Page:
In A Sweeper-Up After Artists, Sandler describes the encounter that first brought him into the world of Abstract Expressionism – the artistic movement to which his name is closely associated. In 1952, as a doctoral student in history at Columbia, Sandler visited MoMA and saw Franz Kline’s violent, gestural, and enigmatic painting Chief (1950)a moment he remembers as an ‘eye opening revelation’. A work that used cheap, low-viscosity house paint to press urgent lines and swirls on to the canvas using a simple monochrome palette, Chief became for Sandler the embodiment of a new kind of painting. He switched from being a student of history to modern art criticism and never looked back. ‘Chief began my life-in-art,’ he would reflect, ‘the life that has really counted for me.’ For Sandler, life and art were never neatly separate. His legacy is the large body of writing that combined and fused the two with an insider’s eye.

Sandler was a figure who wanted to be in the thick of it, not always scribbling notes on the sidelines. As a curator, he co-founded Artists Space in 1972, a co-operative gallery that promoted the early careers of several artists, including Cindy Sherman and Judy Pfaff. He also curated several acclaimed exhibitions, including ‘Concrete Expressionism Show’ at New York University (1965) and ‘The Prospect Mountain Sculpture Show’ at Lake George (1977), which overlooked David Smith’s Bolton Landing residence. He simultaneously led a distinguished academic career, teaching at the Pratt Institute and New York University, and going on to accept a professorship at Purchase College in 1972 where he remained until 1997. His debut novel, Goodbye to Tenth Street, set within the 1950s art world – a golden age he looked to construct in his criticism – will be published posthumously in October.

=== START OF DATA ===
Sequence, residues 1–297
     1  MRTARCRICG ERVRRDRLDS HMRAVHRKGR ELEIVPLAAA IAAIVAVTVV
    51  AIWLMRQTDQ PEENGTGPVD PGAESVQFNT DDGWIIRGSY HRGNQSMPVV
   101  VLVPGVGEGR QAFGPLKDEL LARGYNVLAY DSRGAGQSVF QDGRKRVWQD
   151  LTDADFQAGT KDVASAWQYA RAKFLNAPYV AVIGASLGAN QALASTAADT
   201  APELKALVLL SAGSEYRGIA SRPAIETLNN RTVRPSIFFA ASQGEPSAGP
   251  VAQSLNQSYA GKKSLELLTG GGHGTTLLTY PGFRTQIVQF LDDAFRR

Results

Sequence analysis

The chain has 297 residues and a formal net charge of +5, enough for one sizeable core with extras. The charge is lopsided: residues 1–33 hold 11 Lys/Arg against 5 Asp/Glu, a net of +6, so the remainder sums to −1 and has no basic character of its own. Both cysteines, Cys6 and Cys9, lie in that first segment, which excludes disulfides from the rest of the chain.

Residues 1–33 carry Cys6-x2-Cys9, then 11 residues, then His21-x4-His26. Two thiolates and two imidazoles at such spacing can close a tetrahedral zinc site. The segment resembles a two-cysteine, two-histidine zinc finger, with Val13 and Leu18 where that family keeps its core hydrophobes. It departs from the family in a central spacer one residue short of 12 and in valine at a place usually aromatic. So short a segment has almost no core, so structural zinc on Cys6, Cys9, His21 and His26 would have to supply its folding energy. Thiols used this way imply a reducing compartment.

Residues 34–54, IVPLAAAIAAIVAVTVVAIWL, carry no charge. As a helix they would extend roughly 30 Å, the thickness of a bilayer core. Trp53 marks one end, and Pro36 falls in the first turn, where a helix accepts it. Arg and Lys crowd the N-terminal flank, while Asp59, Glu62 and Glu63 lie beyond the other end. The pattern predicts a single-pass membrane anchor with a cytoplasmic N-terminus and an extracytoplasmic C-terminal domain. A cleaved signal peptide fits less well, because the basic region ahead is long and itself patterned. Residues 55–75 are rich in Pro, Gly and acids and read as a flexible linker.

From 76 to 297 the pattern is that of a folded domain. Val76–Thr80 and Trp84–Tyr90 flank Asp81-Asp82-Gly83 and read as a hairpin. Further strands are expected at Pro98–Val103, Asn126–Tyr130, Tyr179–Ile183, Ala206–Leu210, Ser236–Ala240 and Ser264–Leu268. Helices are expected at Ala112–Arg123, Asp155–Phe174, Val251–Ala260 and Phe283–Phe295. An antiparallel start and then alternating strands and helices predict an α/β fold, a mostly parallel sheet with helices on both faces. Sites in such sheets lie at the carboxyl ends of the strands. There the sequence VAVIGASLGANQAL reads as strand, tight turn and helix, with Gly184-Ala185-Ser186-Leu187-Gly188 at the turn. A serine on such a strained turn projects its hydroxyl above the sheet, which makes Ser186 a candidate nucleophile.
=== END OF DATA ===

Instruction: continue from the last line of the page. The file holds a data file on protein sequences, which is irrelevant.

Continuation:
As befits the nature of art-historiographical taste, trend, and politics, Sandler was strongly criticised (along with pretty much everyone else who hung out at the Cedar Tavern) by the generation who came after. He was accused of being too close to the artists, lacking critical distance, and – worst of all – being a mouthpiece for Cold War-era liberalism. However, Sandler’s surveys are still valuable as an unrivalled record of the times set down in readable prose. It is widely repeated that no one saw more exhibitions in New York than Sandler, or participated on more panels and forums (such as those at the famous Artists’ Club, where he was a regular participant) for the length of time that he did. Sandler was first and foremost a chronicler of New York’s art world. When we evaluate his achievement, it is hard to ignore the feeling that there would have been precious few artists working there in the second half of the 20th century to have remained independent of his orbit.

Irving Sandler expressed the spirit of the times in ways that remained true to his belief that art and art-making should never be turned cold or theoretical by criticism: instead, art writing must excite our emotions and intellect, and he recognised that the communities, constellations and friendships that are formative to an artist can be useful ways of understanding the artworks themselves. ‘Reading about what a critic thinks is good and bad bores me,’ Sandler wrote. ‘What I care about are ideas or insights that open up ways for me to see and think.’